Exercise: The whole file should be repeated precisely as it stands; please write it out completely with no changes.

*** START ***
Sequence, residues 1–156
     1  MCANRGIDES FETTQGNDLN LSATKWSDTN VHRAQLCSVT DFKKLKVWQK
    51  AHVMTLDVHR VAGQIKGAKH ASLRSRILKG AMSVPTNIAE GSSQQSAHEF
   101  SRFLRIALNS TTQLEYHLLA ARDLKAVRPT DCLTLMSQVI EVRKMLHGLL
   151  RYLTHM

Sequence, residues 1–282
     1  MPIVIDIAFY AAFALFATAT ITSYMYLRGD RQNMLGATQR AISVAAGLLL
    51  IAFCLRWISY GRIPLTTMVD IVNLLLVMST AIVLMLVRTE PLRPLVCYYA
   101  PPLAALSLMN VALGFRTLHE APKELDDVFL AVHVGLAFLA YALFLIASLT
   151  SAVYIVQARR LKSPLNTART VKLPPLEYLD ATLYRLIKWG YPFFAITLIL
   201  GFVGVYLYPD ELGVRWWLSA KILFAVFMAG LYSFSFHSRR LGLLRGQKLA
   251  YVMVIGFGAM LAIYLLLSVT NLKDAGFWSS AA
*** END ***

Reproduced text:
Sequence, residues 1–156
     1  MCANRGIDES FETTQGNDLN LSATKWSDTN VHRAQLCSVT DFKKLKVWQK
    51  AHVMTLDVHR VAGQIKGAKH ASLRSRILKG AMSVPTNIAE GSSQQSAHEF
   101  SRFLRIALNS TTQLEYHLLA ARDLKAVRPT DCLTLMSQVI EVRKMLHGLL
   151  RYLTHM

Sequence, residues 1–282
     1  MPIVIDIAFY AAFALFATAT ITSYMYLRGD RQNMLGATQR AISVAAGLLL
    51  IAFCLRWISY GRIPLTTMVD IVNLLLVMST AIVLMLVRTE PLRPLVCYYA
   101  PPLAALSLMN VALGFRTLHE APKELDDVFL AVHVGLAFLA YALFLIASLT
   151  SAVYIVQARR LKSPLNTART VKLPPLEYLD ATLYRLIKWG YPFFAITLIL
   201  GFVGVYLYPD ELGVRWWLSA KILFAVFMAG LYSFSFHSRR LGLLRGQKLA
   251  YVMVIGFGAM LAIYLLLSVT NLKDAGFWSS AA